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  1. #1
    Bourbonian of the Year 2003 and Super Moderator
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    CJ article Brown Forman


    This
    Article
    was in Sundays Louisville Courier Journal. 2 noteworthy items to discuss here.
    Hint ; it has nothing to do with Jack and Coke.

  2. #2
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    Re: CJ article Brown Forman

    First there were Erlenmeyer flasks. Could Griffin beakers be next?

    Better drinking through chemistry.

  3. #3
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    Re: CJ article Brown Forman

    Who are those guys ( and Gals) drinking from those flasks?
    <font color="red"> Why are they all smiling ? </font>
    <font color="blue"> They are so smug!</font>

  4. #4
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    Re: CJ article Brown Forman

    Bpbby,
    Thanks for the link.
    I found this interesting...
    "Because of commercialization of the forests, we're seeing a lot of younger trees going into our barrels that's something we really are concerned about," Lioutas said. "Younger trees don't give you the same flavor.
    never thought about that before.
    Bj

  5. #5
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    Re: CJ article Brown Forman

    Well Brenda you have cut to the chase here. That's one of the things I think noteworthy to discuss here. Some time ago someone asked if there is plenty of oak left to supply this industry. It was answered in the affirmative , there's plenty. Now I know that the Eastern Hardwood forest of the United States is a pretty big place. After seeing this, one wonders.

  6. #6
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    Re: CJ article Brown Forman

    Bobby,
    Reminds me of the conversation last night in the chat room about pressure cooking with strips of oak (jump on in here Chris... ). Using less wood and speeding up the aging process.
    This is starting to creep me out...
    Bj

  7. #7
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    Re: CJ article Brown Forman

    I want to say I am not in favor of changing the barrel. I find it interesting that they can break down a sample of bourbon and know which part of the country the wood in the barrel came from. I also find it incredible that if Bourbon hadn't developed as it did , and did not exist today, we would never find it. It was all chance meetings of things. No stainless steel barrels or plastic in those days. Good thing pine is knotty for the most part and White Oak is straight grained and easily split. Could you imagine a future for a drink that picked up turpentine and Creosote flavors from the barrel?Maybe there's room in the future for an alcohol based drink with essense of oak added. At my age, thankfully I won't be around when it catches on! One more thing, there's nothing to be saved by not making barrels from white oak, except a piece of furniture or something. If they don't harvest and utilize them, all you get for a couple hundred years of growth is a pickup truck load of compost.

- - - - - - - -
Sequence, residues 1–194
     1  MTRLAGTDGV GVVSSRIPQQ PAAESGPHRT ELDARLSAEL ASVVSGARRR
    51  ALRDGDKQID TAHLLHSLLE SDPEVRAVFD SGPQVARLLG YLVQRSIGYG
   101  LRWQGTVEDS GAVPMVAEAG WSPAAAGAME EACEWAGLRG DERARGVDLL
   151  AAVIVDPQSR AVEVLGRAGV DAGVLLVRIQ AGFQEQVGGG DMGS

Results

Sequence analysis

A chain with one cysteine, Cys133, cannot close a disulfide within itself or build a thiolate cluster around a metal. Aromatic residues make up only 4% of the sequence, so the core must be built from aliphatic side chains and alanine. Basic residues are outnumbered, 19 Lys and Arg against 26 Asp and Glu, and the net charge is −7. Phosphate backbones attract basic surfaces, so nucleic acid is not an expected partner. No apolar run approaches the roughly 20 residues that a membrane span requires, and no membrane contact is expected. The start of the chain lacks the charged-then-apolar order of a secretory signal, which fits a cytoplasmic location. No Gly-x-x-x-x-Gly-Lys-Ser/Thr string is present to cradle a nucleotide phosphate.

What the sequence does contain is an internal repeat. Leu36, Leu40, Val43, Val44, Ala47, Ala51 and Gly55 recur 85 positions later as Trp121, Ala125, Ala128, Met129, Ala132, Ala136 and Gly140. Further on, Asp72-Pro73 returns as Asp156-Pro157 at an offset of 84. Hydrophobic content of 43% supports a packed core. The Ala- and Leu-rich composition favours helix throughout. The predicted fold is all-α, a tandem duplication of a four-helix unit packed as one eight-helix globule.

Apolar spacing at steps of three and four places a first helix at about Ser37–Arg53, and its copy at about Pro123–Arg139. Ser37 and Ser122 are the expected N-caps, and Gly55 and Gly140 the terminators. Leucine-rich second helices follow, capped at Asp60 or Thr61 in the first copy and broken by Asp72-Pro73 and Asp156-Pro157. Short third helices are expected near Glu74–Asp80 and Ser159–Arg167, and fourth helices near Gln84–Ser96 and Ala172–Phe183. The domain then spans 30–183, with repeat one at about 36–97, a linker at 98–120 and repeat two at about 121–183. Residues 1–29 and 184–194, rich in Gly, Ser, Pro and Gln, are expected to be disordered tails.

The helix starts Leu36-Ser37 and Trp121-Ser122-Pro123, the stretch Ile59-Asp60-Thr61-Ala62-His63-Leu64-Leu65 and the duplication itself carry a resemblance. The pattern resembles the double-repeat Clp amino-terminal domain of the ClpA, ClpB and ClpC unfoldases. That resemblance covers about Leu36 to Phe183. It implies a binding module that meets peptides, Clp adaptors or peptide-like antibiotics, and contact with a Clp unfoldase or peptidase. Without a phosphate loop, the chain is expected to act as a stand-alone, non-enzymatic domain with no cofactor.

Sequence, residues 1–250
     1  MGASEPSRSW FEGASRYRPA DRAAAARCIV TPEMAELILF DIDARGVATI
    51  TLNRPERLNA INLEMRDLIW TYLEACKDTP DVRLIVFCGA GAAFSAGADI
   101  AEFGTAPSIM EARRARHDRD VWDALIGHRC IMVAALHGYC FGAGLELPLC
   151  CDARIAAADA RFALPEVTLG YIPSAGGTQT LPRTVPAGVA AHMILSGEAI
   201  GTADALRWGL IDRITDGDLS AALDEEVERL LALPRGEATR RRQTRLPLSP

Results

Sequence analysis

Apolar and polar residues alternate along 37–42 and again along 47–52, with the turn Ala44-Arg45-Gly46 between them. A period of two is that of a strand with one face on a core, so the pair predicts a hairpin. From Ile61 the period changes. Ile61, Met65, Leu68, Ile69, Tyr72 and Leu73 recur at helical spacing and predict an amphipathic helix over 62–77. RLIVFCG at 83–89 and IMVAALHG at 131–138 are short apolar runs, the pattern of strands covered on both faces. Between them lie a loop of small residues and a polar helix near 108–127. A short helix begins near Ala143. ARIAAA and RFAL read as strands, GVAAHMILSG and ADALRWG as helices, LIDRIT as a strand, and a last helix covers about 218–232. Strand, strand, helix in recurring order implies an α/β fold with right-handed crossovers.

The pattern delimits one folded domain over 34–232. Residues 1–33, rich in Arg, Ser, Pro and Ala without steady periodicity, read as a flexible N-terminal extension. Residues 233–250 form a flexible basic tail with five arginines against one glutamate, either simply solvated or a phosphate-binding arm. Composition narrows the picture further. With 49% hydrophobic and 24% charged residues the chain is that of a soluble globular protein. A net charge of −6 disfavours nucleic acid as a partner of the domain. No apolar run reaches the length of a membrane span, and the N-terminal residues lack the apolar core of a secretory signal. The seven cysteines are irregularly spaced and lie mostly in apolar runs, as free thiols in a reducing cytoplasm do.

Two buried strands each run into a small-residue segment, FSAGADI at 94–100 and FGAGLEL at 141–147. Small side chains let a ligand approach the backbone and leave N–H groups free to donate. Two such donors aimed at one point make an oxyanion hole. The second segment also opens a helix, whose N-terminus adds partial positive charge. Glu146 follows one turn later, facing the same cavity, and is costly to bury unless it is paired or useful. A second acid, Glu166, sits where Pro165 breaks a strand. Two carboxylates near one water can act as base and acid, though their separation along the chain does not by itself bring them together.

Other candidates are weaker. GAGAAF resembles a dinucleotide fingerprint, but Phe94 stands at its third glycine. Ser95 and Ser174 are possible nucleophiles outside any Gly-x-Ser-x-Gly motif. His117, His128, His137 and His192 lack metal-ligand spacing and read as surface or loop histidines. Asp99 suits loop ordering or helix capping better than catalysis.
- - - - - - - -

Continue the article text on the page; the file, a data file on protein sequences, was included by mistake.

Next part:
8. #8
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    Re: CJ article Brown Forman

    &gt;Good thing pine is knotty for the most part and White Oak is straight
    &gt;grained and easily split. Could you imagine a future for a drink that
    &gt;picked up turpentine and Creosote flavors from the barrel?

    Well, pine would be terrible. There are distilleries around the world
    experimenting with other woods for maturation. I've seen mention of
    cedar, spruce, alder, and birch. There are probably others, too.

    &gt;Maybe there's room in the future for an alcohol based drink with essense
    &gt;of oak added.

    I certainly think so, as long as it's done well. I think that
    Southern Comfort could come out with a "top shelf" version, completely
    reformulated. If we're using essences, it's better to keep the word
    "whiskey" off the label. (Shame on the Canadians, with their additives...)

    I'm a little surprised that whiskey makers don't follow the lead of the
    winemakers, and add oak chips (or even sawdust) to the barrels during
    maturation. I suppose with heavily charred barrels, it would just be
    an unneccessary expense.

    Tim Dellinger

  9. #9
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    Re: CJ article Brown Forman

    Doesn't Budwieser age in Beechwood barrels?

  10. #10
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    Re: CJ article Brown Forman

    That's not a good argument in favor of Beechwood Bobby

 

 

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